Wednesday, May 27, 2015
The Czech Republic ranks as the most secular country in the whole of Europe. It's easy to understand why. Its history demonstrates the unholy alliance between religion and power. For this part of the world in particular, religion rouses the memory of occupation.
The conquered veer away from the faith of the conqueror, and too many conquerors rolled through Bohemia. Bismarck observed: "Whoever controls Bohemia controls Europe." Many tried. The Bohemian nobility struggled against both the power and the religious sensibilities of Catholic representatives of the Holy Roman Empire and the Habsburgs. Twice, in 1419 and 1618, they met with Catholic legates from to discuss more equitable power-sharing. Twice, each side found the other intractable. The nobles protested in the only way left to them: they threw the ambassadors out the window, resulting in the fabled defenestrations of Prague.
Twice, the impact was disastrous. The first defenestration marked the beginnings of the Hussite Wars, named after a teacher at the prestigious Charles University theologian, restive against the growing wealth, power, and clerical privilege of the Roman Catholic Church. Martin may have regarded Jan Huss (d. 1415) as the "first reformer," but the Bohemian people revered him as a hero of Czech nationalism. He preserved the Czech language against the church's Latin and the imperial German. He elevated the status of the laity, demanding they receive both bread and wine of the sacred Eucharistic meal, where the Roman church reserved wine for the priests. He steadfastly protested ecclesiastical abuse: the sale of indulgences, the practice of secret clerical marriage, the growing wealth and power of the church as a whole. For his efforts, he was invited to a council of the Roman Church in Constance for theological discussion. Upon arrival, however, he was arrested, imprisoned, and burned at the stake as a heretic.
In the Old Town Square of Prague, a statue of Huss faces, not the church, but the Old Town Hall. Huss embodies Czech nationalism, not Czech religion.
The second defenestration marked the beginnings of the Thirty Years' War. After the decisive defeat of the Bohemian estates at the Battle of White Mountain, Habsburg Emperor Ferdinand II had 27 Protestant leaders executed on the Old Town Square in 1621. There was a parallel imperial initiative on the religious front. The Habsburgs sent in the Jesuits to re-Catholicize Bohemia. They worked architecturally, installing huge, clunky Baroque altars in the delicate Gothic and Romanesque churches all over the city. It was a visual protest against the Reformation's emphasis on words, words that could be read in the people's language, words that could be spoken by everyone, Christ as the Word of God, not Ambassador of the Omnipotent God.
I finally found a Gothic church without a Baroque altar inside: it had been turned into an art gallery.
Maybe beauty is the only protest against power searching for sanction and against religion longing clout.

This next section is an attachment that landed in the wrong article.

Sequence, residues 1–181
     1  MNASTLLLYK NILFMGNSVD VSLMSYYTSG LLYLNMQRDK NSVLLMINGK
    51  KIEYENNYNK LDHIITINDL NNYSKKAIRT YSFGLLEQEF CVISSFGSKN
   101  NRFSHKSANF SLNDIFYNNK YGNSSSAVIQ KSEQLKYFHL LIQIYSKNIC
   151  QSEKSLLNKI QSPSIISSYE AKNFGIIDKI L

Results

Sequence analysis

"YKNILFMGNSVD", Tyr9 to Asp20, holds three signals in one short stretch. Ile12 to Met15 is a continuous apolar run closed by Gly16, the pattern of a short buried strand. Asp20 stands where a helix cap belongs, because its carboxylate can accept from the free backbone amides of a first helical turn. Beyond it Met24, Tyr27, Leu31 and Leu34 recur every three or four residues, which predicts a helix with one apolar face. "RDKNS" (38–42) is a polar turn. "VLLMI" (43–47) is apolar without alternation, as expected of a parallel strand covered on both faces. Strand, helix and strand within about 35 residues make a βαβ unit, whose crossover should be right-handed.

Tuesday, May 26, 2015
“I don’t know what it means to call Krakow a ‘lyrical’ city,” a friend wrote on hearing my first impression of the city.
What does it mean to call a city “lyrical?”
More important, what does it mean to call this city “lyrical?”
The life of the city rotates around three circles. The first is a circle of royal power. Set on a hill and enclosed by red brick walls, the Wawel Castle and its surrounding structures were built over centuries in styles Romanesque, Gothic, Renaissance, and Baroque. The stones tell the story of a succession of Polish kings and queens who ruled, died, and were buried here.
At the base of the Castle a circle of commerce spins in tight orbit. Like spokes on a wheel, all roads lead to the Grand Square, or Rynek Glowny, a hub of medieval trade routes that brought cloth and spices, salt and amber into the city center. Around 1300 a permanent roof was built over market stalls to become the Cloth Hall, arguably the world’s first shopping mall. When the Germans invaded Poland in 1939, effectively erasing the country from the map of Europe, Rynek Glowny became Adolf Hitlerplatz.
One road runs from the market square to a final circle: the circle that contained Krakow’s Jewish population, the Kazimierz. At the end of the 15th Century Jews were relocated to an area nestled in a curve of the Vistula River. A spirit of religious tolerance welcomed Jews from all over Europe to the Kazimierz. The population swelled; the arts flourished; banking brought wealth. In the invasion of Poland in 1939, the Nazis emptied the circle, expelling Jews directly to nearby Auschwitz and Birkenau or temporarily resettling them in a ghetto on the other side of the river. The Nazis built the high walls around the ghetto to resemble tombstones.
Directions in Krakow never urge taking a “hard right” or a “hard left.” Instead, they advise bearing this way or that. But then, none of the streets in any of these circles meet at right angles: they bend into cathedrals or synagogues, market squares or the hard truth of the ghetto.
Today the city’s life revolves around three ancient circles of power and commerce and memory. In their daily rounds, these circles spin off songs of beauty and terror. If you listen closely amidst the rumble of trams and the squawking of tourists, you catch a few bars of haunting melody. It is always in a minor key. Beneath it all, the cantus firmus of an ancient chant, the Vistula flows steadily into the Baltic.
That’s what it means to call this city “lyrical.” Another friend got it immediately.
“Yes,” he responded.